Colin Brinsden, AAP Economics and Business Correspondent
(Australian Associated Press)
Scott Morrison has foreshadowed a “very significant” hit to economic growth, as new figures showed residential home construction posted its weakest annual growth rate in almost two decades.
However, the prime minister said Australia was making progress and would do even better once virus numbers declined further and borders reopened.
“We are making progress in bringing Australians back and getting the jobs back,” he told parliament on Wednesday.
“It’s important that we don’t allow the country to go into some sort of economic retreat.”
A large drop in residential home construction during the pandemic will weigh on economic growth across the nation.
Overall construction work completed during the quarter fell by a modest 0.7 per cent in the quarter to $50.1 billion, smaller than economists had expected at a time when restrictions were imposed on the nation to try and contain the virus.
But it disguised a 5.5 per cent tumble in residential building construction to be 12.1 per cent down over the year, Australian Bureau of Statistics data showed on Wednesday.
The data feeds into next week’s June quarter national accounts which are expected to confirm the economy is suffering the first recession in nearly 30 years with a substantial contraction, possibly by up to seven per cent.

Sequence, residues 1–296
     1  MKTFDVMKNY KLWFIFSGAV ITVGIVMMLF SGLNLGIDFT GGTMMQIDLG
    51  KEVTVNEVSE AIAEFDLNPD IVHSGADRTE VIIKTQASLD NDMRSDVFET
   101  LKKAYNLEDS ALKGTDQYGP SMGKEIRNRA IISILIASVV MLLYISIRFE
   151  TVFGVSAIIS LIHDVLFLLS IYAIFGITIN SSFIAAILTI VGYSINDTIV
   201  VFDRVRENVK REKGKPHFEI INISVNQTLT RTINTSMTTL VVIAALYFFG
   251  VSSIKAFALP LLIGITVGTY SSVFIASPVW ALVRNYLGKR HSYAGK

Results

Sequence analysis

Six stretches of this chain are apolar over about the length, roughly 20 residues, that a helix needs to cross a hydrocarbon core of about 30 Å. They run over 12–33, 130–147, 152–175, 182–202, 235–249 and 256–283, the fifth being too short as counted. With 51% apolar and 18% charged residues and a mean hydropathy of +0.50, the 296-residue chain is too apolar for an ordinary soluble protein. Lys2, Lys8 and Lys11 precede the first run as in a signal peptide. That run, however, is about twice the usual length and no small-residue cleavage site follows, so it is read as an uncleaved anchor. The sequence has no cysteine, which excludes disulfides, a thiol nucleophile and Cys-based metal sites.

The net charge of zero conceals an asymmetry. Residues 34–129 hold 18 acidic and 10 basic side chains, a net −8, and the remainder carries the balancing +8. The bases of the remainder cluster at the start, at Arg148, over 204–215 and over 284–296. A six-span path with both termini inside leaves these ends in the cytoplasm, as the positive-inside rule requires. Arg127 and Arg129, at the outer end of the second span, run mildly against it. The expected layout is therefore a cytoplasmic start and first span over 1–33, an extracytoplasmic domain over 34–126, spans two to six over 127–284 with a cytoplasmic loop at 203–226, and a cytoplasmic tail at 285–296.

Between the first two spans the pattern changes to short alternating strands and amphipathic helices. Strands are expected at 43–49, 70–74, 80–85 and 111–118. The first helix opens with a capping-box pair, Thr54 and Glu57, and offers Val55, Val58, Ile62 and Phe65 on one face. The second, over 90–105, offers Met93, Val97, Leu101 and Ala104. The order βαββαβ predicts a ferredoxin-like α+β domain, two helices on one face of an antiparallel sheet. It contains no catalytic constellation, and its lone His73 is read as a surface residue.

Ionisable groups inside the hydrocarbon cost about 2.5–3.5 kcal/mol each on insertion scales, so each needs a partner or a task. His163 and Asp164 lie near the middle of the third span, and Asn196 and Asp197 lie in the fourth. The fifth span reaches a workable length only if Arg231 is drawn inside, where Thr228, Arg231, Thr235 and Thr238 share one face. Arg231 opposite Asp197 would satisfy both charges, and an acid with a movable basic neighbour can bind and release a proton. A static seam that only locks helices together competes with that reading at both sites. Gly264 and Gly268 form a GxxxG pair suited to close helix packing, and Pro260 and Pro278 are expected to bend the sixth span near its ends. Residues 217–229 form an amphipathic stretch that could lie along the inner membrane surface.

Housing Industry Association senior economist Geordan Murray said the decline in residential building work would compound that contraction.
Even then, he said the decline in home building activity could only partially be attributed to the COVID-19 disruption because a majority of sites were able to continue operating implementing on-site social distancing measures.
Labor’s housing spokesman Jason Clare said the collapse in construction followed industry warnings of a “bloodbath” in the sector.
“The really bad news is that the worst is yet to come,” Mr Clare said in a statement.”
Non-residential building contracts showed a smaller 1.5 per cent decline in the quarter, while engineering bucked the trend, rising by a solid 3.8 per cent.
JP Morgan economist Tom Kennedy said the surprise strength in engineering activity created some modest upside risk to his forecast for an overall 7.2 per cent economic contraction in the quarter.
The construction report kicks off a series of economic reports over the next few days that will give a better idea of how deep the recession has been.
The economy contracted by 0.3 per cent in the March quarter and the widely expected second consecutive negative quarter will constitute a technical recession.
The June quarter national accounts are due on September 2.
Business investment data will be released on Thursday.
Economists expect June quarter private business capital expenditure tumbled a hefty 7.9 per cent, extending the 1.6 per cent fall in the first three months of the year.